Our resident prom expert Finley Davis talked with Riya Gupta, 16, and Nishka Ayyar, 17, co-founders of an app that lets teenage girls rent and lend formal and everyday wear from each other.
It’s frustrating that people are still using “gay” or “lesbian” to insult or describe clothing. Like…how can you dress like a sexuality?
Fall is here, which means colder weather and, for some teens, a reason to buy new clothes. How should teens balance affordability, style and ethics when it comes to buying clothing? Do you think it’s okay to buy inexpensive “fast fashion” clothing that was made in sweatshops? How can teens help promote fair labor practices?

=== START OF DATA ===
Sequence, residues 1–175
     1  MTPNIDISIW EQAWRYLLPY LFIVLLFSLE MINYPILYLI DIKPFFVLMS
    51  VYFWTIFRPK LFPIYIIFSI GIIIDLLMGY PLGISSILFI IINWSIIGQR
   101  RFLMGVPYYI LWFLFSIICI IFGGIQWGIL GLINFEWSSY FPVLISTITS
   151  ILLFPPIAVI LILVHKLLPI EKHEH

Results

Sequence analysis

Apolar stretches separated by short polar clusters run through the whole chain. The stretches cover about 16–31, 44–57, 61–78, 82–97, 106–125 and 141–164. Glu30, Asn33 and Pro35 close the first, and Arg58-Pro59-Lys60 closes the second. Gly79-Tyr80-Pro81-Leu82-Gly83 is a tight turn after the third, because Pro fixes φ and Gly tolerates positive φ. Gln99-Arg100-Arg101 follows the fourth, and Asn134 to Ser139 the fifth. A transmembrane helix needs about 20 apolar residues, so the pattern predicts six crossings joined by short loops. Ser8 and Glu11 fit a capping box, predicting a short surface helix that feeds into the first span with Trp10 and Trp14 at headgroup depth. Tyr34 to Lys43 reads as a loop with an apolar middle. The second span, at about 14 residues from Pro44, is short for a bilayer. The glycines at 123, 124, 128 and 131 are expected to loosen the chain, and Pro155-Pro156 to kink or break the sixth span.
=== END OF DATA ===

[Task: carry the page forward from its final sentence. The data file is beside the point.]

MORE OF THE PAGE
I love fashion. I’ve always loved it. I celebrate fashion week like it’s a holiday. But earlier this year, I realized the true cost of my trendy clothes when I met a group of women I’d been stealing from my whole life.
Breaking down what it exactly means to be cool or be hipster today in 2014
On a tour of Dhaka, I visited a factory that was making clothes for some of my favorite brands. I saw hundreds of workers crowded around sewing machines and work-tables. The sound of whooshing looms and the chemical smell of dye filled the air. But it was watching a young girl, who was maybe 10, sewing a pair of jeans that made me feel really sick. My host sister later told me that many of these workers, mostly women and children, were living on less than 2 dollars a day.